Sustaining the Glow: A Womanist Peek into the Female Emancipatory Attributes in Queen Amina of Zazzau.Part II
In the first part of this article, I briefly underscored the relevance of Queen Amina’s social status and its relevance in contemporary times. It is appropriate to complement that initial part with a logical conclusion.
Sustaining the lean on Queen Amina’s example in this presentation, it is relatively easy for one to recognize that individuals make the society and not perchance the other way round; otherwise, nothing more than a legion of social malady would exhibit within that culture. An individual who permits herself a total self- subscription to the dictates of a society without a full understanding of her functional role –and its application — within that environment does a disservice to her place in the community. Particularly in nations where the patrilineal distinction is eminent, a woman’s latent attributes will be stifled and her voice muted—and arguably deservedly so- if she does not live up to her latent attributes as a genuine woman. The latter guarantees the propagation of the erroneous designation of her gender as inferior. As in the example of Queen Amina, women should strive for self- actualization, social emancipation and the pursuit of the spirit of complementarity with the male gender for the good of her society and country.
In her commitment to national harmony and social justice, Queen Amina’s policy is inclusive of every human being –slaves and national citizens alike and this arguably led to her national stability. “You fight alone, you lose,” she tells her soldiers. “We fight together, we win and share the glory of victor… And if we must kiss the dust, we do it together in the service of our beloved Zazzau. Make Zazzau great. (Situation 529). From her fellow citizens, Amina asks for “ A humane society where no one is oppressed by those in positions of power,” (41) and “If I give to one, I shall give to the other. During my reign, you will have enough clothing for your wardrobes…Under my protection, no evil will befall the citizens of this land” (25). And again, “In my kingdom, let no one regret being born a woman…. Therefore, respect the dignity of the individual (Situation 6: 40).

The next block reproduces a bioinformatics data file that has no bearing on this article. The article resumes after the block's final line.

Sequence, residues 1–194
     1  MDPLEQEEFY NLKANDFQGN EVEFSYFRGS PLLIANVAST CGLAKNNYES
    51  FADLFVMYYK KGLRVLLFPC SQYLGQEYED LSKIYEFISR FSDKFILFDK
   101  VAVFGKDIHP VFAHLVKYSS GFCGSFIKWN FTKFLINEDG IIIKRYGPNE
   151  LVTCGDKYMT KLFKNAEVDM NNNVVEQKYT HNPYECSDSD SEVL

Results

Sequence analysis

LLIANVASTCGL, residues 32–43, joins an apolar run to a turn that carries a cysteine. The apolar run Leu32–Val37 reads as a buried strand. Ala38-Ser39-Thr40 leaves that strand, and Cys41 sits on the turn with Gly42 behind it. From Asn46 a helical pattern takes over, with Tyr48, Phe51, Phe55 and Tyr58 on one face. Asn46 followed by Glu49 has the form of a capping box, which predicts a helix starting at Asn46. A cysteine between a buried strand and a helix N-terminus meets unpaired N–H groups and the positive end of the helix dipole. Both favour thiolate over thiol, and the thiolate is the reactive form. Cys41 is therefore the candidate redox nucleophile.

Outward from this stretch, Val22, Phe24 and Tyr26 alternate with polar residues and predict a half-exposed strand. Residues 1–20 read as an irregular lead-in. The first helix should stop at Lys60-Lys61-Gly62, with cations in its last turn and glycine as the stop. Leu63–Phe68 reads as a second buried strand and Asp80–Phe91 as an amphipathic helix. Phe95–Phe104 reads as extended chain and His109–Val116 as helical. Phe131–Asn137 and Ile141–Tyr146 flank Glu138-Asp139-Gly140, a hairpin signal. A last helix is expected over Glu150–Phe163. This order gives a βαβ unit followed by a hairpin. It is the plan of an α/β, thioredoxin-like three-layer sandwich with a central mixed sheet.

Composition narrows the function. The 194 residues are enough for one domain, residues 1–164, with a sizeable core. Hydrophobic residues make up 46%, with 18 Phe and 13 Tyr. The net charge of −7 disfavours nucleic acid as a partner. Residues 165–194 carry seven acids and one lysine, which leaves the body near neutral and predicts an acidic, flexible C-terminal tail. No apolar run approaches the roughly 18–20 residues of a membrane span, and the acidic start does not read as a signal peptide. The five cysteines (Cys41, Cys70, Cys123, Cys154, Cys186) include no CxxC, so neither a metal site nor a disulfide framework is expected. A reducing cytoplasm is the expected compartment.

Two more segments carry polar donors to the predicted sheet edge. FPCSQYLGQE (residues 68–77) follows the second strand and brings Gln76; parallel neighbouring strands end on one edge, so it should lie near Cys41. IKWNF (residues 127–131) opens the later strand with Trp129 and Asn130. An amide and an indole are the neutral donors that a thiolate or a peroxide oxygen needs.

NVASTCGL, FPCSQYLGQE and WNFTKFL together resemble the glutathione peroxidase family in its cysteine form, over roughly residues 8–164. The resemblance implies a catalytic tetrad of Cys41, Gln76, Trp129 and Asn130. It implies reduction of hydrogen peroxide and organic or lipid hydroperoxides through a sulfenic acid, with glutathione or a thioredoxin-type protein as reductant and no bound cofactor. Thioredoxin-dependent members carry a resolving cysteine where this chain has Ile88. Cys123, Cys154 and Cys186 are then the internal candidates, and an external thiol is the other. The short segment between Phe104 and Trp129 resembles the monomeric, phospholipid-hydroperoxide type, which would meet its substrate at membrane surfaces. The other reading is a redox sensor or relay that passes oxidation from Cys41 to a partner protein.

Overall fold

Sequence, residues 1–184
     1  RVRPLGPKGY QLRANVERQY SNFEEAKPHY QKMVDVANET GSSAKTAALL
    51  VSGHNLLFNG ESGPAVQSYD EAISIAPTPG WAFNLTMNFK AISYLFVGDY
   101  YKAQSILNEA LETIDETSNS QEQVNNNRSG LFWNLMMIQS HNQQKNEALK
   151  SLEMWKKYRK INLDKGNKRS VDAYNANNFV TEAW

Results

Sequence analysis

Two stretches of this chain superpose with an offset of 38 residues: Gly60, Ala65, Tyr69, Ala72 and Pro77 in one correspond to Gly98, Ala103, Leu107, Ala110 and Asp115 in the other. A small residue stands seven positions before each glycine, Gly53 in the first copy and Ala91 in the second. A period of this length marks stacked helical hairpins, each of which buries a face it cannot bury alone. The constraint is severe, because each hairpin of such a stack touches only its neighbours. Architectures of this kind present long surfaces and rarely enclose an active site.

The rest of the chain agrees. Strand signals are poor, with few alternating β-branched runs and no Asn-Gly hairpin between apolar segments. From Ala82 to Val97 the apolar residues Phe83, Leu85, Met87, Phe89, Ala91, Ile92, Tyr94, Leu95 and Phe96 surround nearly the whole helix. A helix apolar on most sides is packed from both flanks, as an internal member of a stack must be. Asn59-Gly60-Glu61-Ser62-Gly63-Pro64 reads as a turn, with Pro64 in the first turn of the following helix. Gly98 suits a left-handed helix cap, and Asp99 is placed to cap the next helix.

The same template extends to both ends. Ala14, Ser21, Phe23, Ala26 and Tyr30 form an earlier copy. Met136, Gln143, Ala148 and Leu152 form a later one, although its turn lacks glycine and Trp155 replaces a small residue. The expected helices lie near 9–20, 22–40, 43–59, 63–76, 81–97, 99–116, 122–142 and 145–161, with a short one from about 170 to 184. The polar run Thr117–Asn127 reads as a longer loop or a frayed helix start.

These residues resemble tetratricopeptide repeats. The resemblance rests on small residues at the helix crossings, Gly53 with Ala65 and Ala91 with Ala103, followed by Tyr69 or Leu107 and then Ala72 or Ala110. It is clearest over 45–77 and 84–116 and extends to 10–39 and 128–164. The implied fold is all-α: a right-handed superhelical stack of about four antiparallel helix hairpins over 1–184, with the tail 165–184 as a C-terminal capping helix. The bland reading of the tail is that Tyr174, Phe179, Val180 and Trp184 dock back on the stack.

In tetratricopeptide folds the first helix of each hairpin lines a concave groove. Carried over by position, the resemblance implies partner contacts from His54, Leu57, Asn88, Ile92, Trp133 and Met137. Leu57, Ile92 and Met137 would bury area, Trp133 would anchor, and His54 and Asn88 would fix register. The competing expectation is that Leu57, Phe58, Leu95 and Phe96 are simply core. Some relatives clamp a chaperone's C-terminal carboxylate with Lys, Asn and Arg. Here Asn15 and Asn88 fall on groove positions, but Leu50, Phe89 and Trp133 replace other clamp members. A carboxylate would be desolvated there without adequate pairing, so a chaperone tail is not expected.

The fact of Amina, a (female) warrior successfully expanding her territory in Hausa land is thankfully foregrounded in the instances which reference her; however, this fact of her prowess may well have encouraged a blotch in the portrait of her landscape, as sadly, legend casts her as something of a Black Widow spider because it is storied that Amina kills the men she has sexual encounters with; Ogunyemi’s drama sustains this tale. It is not far-fetched to suspect that such an account subscribes to the male-centric dominating social accent which lists the successful woman as a ‘social deviant” who must have a dark side to her. We need not look far into the cultural history of Nigeria to find examples to support this fact. (Madame Efunsetan Aniwura, Iyalode of Ibadan stands as an illuminating example). In Amina’s case, Ogunyemi justifies his rendition of the account by allowing the priest to enlighten the audience about Amina’s calling and the repercussion of her answer to the mission: “From now on,” he pronounces, “ her lust for men will be great….(Situation 3 :16) and is it any wonder that—as a male-centered society would believe- Amina kills the men she sleeps with to complement that lust and sustain her integrity if that would retain her on the social pedestal? That these tales have survived the times give room for concern; unfortunately, such is the battle successful women in the society face. Womanist principle is distinct: persons of good intent must ignore socially divisive statements or allusions if these persons would do good for self, neighbor, and nation; that singular pursuit serves to protect the womanist’s integrity and letter her credentialed to fight for social justice and equity.